What is it like to study abroad during a pandemic? This is an experience I wouldn’t wish on anyone but at the same time, it is something I will never forget. I was based in Buenos Aires, Argentina studying anthropology and improving my Spanish speaking abilities. Our first month of intensive Spanish at the Universidad de Belgrano went just as you might imagine – making new friends, getting to know our new city, traveling to neighboring Uruguay and Brazil in our free time. We seemed to have so much to look forward to over the next four months. However, when the semester finally started and we had only been in the actual classroom for four days, we got the message from ISA that it had made the very difficult decision to cancel the program. We had only days to leave the country.
Devastated, I started packing my bags and saying my goodbyes. I do count my blessings, though, as I was fortunate enough to have an option unavailable to the other students because my father is from Córdoba, the second-largest city after Buenos Aires. While my friends were securing their flights back to the U.S., I flew instead to my Argentine home, Córdoba, where I ended up quarantined with my uncle, aunt, and cousins for four months. We would all finish our Universidad de Belgrano courses online but I would be able to stay in Argentina.
I will say, the online classroom is not the ideal way for me to learn any subject. I have struggled with dyslexia and ADHD all my life and found it particularly challenging. I would get easily distracted. I would put off work and honestly, I skimmed through a lot of the readings. Due to the national quarantine, I was not even able to leave my uncle’s house to find a quiet place to study and try to focus on my four classes, all of which were taught in Spanish. I really missed being in the classroom and being able to interact with our professors but they did everything possible to work with us and make the best of the situation.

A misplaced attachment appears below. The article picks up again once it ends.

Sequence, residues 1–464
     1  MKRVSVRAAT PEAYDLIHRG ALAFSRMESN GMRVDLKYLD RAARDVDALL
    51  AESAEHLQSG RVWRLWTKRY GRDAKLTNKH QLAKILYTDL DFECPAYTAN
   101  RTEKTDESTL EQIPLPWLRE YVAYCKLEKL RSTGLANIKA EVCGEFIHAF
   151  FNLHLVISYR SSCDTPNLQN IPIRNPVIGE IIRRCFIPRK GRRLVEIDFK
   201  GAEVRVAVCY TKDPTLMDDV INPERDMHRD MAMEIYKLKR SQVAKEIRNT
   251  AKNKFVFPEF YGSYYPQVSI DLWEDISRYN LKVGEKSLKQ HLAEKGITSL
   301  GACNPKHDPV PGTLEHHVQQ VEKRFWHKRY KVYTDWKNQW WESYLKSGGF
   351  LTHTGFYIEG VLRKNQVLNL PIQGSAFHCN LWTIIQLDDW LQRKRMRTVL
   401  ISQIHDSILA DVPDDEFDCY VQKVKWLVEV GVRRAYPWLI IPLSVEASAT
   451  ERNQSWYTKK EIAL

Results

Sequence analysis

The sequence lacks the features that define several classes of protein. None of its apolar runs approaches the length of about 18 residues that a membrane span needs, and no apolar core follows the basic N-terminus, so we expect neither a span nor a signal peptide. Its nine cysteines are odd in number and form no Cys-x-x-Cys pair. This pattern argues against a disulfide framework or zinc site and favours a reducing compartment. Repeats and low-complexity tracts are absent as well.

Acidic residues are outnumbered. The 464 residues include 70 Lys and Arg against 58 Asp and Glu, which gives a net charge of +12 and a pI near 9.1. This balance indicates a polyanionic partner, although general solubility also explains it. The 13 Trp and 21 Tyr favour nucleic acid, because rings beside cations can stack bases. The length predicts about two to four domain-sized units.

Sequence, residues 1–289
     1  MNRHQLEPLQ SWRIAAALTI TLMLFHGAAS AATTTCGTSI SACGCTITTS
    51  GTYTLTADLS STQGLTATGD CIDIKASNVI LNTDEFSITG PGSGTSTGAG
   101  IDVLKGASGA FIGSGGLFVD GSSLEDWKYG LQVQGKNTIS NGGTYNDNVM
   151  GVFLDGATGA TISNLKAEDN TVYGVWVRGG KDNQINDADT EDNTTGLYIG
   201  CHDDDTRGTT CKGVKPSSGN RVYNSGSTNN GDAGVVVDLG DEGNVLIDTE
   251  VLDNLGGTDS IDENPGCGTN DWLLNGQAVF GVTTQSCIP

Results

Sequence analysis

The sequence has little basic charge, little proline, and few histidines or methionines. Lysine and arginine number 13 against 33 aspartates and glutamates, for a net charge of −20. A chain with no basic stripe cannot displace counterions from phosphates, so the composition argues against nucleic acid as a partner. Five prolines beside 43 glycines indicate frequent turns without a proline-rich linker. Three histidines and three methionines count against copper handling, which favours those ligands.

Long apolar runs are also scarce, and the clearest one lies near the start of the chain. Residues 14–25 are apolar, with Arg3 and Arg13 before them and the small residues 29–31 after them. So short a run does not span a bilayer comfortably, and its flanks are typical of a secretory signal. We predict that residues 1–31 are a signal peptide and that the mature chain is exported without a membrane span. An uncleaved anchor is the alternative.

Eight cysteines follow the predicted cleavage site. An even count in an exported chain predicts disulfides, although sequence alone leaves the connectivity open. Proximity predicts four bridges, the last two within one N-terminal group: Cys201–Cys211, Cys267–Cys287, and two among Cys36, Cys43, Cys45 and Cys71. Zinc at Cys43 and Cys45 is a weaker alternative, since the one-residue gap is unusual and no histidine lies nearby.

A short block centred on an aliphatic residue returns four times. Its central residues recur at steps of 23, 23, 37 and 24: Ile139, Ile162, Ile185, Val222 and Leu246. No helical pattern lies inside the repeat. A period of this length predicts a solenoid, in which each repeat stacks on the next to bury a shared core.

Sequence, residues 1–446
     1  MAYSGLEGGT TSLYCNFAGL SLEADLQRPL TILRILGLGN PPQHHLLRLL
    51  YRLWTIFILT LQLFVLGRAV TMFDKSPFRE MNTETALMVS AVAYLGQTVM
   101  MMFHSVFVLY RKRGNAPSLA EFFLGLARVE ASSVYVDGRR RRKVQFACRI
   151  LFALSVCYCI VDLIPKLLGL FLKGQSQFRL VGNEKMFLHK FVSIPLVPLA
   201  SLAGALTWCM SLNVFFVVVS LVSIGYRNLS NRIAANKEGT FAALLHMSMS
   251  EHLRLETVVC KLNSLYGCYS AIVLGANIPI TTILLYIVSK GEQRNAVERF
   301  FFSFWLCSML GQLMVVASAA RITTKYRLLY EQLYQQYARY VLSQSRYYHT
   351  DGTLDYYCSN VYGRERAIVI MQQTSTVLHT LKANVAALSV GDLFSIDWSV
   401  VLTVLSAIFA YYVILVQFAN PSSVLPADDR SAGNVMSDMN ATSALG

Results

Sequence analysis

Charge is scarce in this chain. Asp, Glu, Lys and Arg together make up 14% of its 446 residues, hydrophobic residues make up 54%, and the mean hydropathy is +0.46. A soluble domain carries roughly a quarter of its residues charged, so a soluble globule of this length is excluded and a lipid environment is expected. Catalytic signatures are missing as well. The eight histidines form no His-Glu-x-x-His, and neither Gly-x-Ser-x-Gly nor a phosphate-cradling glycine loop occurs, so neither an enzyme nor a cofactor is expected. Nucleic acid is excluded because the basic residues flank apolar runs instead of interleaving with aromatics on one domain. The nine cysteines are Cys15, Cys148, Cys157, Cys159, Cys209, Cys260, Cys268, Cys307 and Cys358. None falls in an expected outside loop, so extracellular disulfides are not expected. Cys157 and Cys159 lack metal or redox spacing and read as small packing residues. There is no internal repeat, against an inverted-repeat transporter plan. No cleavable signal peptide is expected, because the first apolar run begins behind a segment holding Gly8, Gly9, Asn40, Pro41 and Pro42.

One of the reasons why I chose to study abroad in Argentina was to improve my language skills and the other was to learn more about my culture. I hoped to discover my personal identity. I have always been in conflict with myself, as having parents from two different countries made me feel like I had to choose. Was I more American or more Argentinian? I felt like I couldn’t be both. I would get backlash from people in the white community who would say I looked foreign and would ask me where I was from originally, as well as backlash from people in the Hispanic community who would say I wasn’t a real Latina because I did not speak fluent Spanish.
This is where the silver lining comes in from being abroad during the COVID-19 pandemic. While staying in my uncle’s house for those four months, I learned so much more Spanish than I would have otherwise. I learned more about Argentine culture and created deeper bonds with my family. For these reasons and more, I will never forget my study abroad with ISA and will be forever grateful for everyone who made it possible. It was an adventure that took many turns and while it didn’t end up how I wanted, in so many ways it turned out better than I could have ever imagined.